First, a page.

Crucial to any successful investment process is having a good "search" or "origination" strategy, i.e. ensuring that you are constantly seeing a good "funnel" of investment targets. Part of that search process is having a well-through through set of investment checklists so that you can quickly filter out the low probability time-wasters. But equally, it's important to think about the top of the funnel - how to find new ideas?
Are you getting enough good investment ideas coming in? Are you losing out because you don't have the right sources? Or are you missing out because you're not paying enough attention?
A famous example of this kind of "sin of omission" was given by Warren Buffet who said he committed a major mistake by not buying Wal-Mart at the right time - he suggests that this oversight may have cost his company, Berkshire Hathaway, more than US$8 billion!
Where can I find the good ideas?
That's the million dollar/pound/euro question and unfortunately, there is no one deﬁnitive answer. It just requires a lot of hard graft but, as ever, having a systematic approach helps. In no particular order, here are 7 search paths that may be worth building into your process, if you aren't already. Using others? Let us know in the comments below.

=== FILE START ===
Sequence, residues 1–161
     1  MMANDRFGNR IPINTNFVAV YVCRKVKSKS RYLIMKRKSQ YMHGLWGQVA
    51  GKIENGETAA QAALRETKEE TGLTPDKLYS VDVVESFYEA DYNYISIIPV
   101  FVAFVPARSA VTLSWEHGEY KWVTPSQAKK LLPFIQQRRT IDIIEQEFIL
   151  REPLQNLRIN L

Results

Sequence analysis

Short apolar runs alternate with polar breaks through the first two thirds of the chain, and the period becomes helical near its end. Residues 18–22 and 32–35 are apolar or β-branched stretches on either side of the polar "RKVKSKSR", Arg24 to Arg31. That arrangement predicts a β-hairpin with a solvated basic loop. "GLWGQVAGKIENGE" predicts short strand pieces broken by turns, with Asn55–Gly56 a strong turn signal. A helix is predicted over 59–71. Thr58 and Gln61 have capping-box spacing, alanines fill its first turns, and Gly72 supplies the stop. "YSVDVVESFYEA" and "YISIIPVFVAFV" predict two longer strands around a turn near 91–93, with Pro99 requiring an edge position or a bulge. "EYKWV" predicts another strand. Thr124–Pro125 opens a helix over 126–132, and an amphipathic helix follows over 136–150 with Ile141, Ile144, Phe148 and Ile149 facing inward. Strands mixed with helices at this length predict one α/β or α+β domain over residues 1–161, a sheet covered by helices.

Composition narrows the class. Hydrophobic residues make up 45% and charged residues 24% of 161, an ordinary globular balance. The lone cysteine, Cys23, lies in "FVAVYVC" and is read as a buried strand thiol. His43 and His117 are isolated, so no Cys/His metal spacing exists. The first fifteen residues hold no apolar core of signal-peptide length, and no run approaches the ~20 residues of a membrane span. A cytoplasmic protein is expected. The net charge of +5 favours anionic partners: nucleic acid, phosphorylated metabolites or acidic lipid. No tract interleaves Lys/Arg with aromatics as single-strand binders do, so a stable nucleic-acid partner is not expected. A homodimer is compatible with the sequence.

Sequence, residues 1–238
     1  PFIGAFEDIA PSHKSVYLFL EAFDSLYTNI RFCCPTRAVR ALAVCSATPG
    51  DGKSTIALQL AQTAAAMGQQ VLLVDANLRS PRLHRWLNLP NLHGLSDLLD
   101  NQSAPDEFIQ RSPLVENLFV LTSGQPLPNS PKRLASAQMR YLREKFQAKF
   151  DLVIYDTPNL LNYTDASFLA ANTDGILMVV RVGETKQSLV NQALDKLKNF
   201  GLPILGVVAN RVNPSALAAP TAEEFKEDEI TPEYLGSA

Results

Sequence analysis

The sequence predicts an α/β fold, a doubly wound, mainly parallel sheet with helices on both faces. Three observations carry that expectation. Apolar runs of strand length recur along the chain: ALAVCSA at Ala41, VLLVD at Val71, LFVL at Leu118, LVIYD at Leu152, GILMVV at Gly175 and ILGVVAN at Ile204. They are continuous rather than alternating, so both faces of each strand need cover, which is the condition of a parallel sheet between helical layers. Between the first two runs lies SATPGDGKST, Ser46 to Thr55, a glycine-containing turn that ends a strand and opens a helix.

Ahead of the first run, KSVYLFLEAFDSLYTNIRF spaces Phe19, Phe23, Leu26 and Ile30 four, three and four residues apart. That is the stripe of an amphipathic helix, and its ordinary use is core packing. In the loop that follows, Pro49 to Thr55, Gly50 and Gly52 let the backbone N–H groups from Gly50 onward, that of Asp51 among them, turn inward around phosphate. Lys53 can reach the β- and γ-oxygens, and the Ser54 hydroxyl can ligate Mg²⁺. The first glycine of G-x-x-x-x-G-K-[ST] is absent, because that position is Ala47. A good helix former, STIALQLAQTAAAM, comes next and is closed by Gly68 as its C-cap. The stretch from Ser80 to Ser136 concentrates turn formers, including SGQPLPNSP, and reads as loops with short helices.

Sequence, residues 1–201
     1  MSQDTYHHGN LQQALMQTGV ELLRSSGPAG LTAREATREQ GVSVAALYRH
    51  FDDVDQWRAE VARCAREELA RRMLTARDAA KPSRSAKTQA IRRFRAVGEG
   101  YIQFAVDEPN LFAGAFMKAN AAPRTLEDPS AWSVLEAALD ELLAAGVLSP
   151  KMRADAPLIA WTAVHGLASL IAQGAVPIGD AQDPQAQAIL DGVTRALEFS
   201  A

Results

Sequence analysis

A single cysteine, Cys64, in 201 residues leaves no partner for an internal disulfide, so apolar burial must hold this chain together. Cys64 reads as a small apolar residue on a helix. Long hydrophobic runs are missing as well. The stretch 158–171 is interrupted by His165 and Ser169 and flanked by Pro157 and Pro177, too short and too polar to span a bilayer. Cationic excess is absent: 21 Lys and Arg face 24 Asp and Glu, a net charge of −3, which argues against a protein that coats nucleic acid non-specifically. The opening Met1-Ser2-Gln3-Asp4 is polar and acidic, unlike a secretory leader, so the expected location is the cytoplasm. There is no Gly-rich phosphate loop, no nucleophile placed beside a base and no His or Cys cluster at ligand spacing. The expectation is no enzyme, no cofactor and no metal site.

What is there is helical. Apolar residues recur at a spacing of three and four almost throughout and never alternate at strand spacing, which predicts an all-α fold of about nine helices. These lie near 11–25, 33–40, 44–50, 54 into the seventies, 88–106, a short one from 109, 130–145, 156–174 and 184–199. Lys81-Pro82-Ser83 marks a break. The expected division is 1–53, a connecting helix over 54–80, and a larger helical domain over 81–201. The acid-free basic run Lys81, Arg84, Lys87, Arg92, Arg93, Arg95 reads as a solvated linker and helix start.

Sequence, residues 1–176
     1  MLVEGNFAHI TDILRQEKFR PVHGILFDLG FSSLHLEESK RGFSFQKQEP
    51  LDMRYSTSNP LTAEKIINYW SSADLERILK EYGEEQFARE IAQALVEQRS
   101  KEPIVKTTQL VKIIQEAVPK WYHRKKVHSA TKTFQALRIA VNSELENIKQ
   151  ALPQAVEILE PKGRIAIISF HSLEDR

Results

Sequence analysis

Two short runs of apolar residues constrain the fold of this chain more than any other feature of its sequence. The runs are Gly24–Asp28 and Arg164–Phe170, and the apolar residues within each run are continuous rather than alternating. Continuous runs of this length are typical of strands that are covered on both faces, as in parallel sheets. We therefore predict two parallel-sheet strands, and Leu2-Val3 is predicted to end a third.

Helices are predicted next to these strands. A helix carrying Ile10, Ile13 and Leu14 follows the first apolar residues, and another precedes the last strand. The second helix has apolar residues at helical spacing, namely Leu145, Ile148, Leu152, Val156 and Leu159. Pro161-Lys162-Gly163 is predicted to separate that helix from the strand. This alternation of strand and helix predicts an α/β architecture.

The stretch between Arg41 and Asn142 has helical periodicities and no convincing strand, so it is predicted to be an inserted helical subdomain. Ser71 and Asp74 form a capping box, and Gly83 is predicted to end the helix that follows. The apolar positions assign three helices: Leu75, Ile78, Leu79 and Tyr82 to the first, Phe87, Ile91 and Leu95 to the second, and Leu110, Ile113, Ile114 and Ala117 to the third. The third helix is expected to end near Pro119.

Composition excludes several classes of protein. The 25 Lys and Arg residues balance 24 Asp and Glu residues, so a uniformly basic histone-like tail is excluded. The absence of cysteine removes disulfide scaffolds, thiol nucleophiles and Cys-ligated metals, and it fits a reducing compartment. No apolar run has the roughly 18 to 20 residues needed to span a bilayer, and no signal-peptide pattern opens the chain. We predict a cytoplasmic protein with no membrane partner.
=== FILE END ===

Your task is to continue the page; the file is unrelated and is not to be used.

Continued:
The 7 Best Places to Look
- Your Own Backyard - Peter Lynch was famous for arguing that you should buy what you know, ensuring that you stay within a defined circle of competence. Lynch says he would rather invest in "pantyhose rather than communications satellites," and "motel chains rather than fiber optics". It's worth reflecting in your daily life experience to see if this throws up any ideas or opportunities. Note - this is not the same thing as accepting tips from your mates - see below.
- Screening - It will come as no surprise that we are big advocates of quantitative screening as a way to generate ideas. This can come into three forms, all of which are worth considering:
- Checking daily hotlists or a simple single criteria screens like the 52-week low list if you're a contrarian, or single metric value lists like Low P/E, P/FCF, P/B or relative strength lists if you're a momentum investor.
- Following Guru screens based on the approaches of investors you respect (like Benjamin Graham or Warren Buffett). We now run over…